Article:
TESTIMONIES
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AYOT ABIGAIL ACHIKA.
I was a member of AYLF and Kyambogo Chapter coordinator in 2012-2013. I equally served as the deputy speaker student’s guild council same year I have since then traveled to Denmark and thanks to my first trip to Kenya for the prayer breakfast as the first one out of Uganda. As a National Youth Leader I was overseeing the program in 5 branches and based in Kitgum. The leadership skills that I learnt while in the chapter has helped me grow steadily and now a Vice chairperson for the Red Cross youth in Adjumani District. I have worked with the communities with more zeal as I have looked up to the role model leaders like Mother Teresa, Mahatma Gandhi and the rest whose work was aiming at transformation of societies.
I have worked in the refugee camp now for 6 months in areas of psycho-social support, community services, hygiene promotion and First Aid. I have done this with the aim of transforming lives and there after society.
For all the training offered by AYLF especially through the seven habits of highly effective people sessions, role models in Cornerstone and the networks I have all over East Africa, am at another level in life that I would not have attained if not for the platform given to me by AYLF. Thanks to all the founders, staff, partner, stakeholders, beneficiaries and all in the family of friends, because I have a family with you. 


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Daniel Gyagwe, currently living in Masaka. I’m attached to Datamine Technical Business School in the Department of Business studies as a business lecturer. I went to Makerere University Business School from where I successfully graduated in 2013 with a Bachelors degree in Procurement and supply Chain management I am convinced that leadership stops not only at being in charge of a community of people, but rather being in charge of the person called “me”. My life is always groomed on principles drawn from experiences and teachings of the people I choose to learn from and some personal experiences and inspirations. I quote this from Michael Kiirya, the AYLF coordinator Uganda. In one of the campus meetings at MUBS he said; “each new day that comes presents to us an opportunity to learn something new”.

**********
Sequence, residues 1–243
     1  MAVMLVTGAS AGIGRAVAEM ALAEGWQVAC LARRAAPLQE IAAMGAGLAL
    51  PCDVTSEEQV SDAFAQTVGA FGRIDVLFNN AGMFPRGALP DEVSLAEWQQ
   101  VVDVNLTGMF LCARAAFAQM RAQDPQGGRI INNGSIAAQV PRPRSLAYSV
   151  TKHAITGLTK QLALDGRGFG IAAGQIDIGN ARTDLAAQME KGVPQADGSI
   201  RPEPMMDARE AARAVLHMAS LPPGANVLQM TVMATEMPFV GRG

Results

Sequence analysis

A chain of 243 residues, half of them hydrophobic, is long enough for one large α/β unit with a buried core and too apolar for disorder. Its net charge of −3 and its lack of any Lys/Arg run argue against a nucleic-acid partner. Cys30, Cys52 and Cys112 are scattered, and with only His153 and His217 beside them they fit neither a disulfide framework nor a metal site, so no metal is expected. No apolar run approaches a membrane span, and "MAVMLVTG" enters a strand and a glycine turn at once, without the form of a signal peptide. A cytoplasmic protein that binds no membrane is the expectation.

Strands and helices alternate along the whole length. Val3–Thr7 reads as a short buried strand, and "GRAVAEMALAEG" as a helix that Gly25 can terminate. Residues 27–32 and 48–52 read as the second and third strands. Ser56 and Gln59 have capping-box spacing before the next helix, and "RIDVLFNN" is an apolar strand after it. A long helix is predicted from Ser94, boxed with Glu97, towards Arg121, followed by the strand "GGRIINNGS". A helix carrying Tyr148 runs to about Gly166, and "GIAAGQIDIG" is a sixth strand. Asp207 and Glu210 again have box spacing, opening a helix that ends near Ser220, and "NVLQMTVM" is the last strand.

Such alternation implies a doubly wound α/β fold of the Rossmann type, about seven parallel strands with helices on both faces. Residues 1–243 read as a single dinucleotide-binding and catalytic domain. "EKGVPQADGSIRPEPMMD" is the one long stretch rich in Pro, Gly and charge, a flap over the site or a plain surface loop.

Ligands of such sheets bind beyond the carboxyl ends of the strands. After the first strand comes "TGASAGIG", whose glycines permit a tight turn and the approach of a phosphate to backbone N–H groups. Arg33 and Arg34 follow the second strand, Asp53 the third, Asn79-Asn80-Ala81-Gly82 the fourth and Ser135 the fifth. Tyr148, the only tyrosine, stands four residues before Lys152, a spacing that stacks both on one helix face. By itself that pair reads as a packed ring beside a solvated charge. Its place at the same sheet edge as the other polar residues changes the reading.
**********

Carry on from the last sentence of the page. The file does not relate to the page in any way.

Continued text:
While at MUBS life presented me a golden chance of participating in so many leadership activities, especially AYLF whose platform I learnt timeless principles like; personal responsibility and a sense of servant hood (performing an act intended to impact the life of another positively). I got a chance of working alongside visionary people both of my age especially my Brother and Friend Daniel Donald Mukuye. Leadership is one main thing that has defined the turn of my life especially at my transition from child hood to adult hood through to university where I served as a guild representative council (GRC) in the students’ guild. I was equally appointed as a fellowship leader in the Christian Union; where I drew a lot of inspiration relating to “self exaltation through servant hood” as taught by the apostle Paul relating to the life of Jesus (Philippians 2:6-11).

I joined the AYLF in my 2nd year of study. I was appointed assistant coordinator to Daniel Donald Mukuye with whom we led the members through two leadership curriculums; the seven habits of highly effective leaders by Steven R Covey and the 21 laws of leadership by John Maxwell

AYLF defined the peak of my University life, through different mentorship programs from Cornerstone Mr. Tim Kreutter – a very influential person in my life along with the AYLF team (Allan Shepherd and Micheal Kirya,). The knowledge I acquired and the principles I learnt an analogous to a steering only by which you can keep the car moving in the right path.

Last year in November I entered the employment world. I was hired to work as a part-time instructor at Management Training and Advisory centre Masaka and later I was taken on by Datamine Technical Business School as a full time lecturer in the Business Department up to date.

I am aware that am the immediate role model for the ones I teach. At the school, I established a student’s leadership club called the Datamine Intellectuals club and the Datamine Leadership Forum tracing its affiliation to the Africa Youth Leadership Forum. These are all avenues for influence and AYLF inspired me in this area.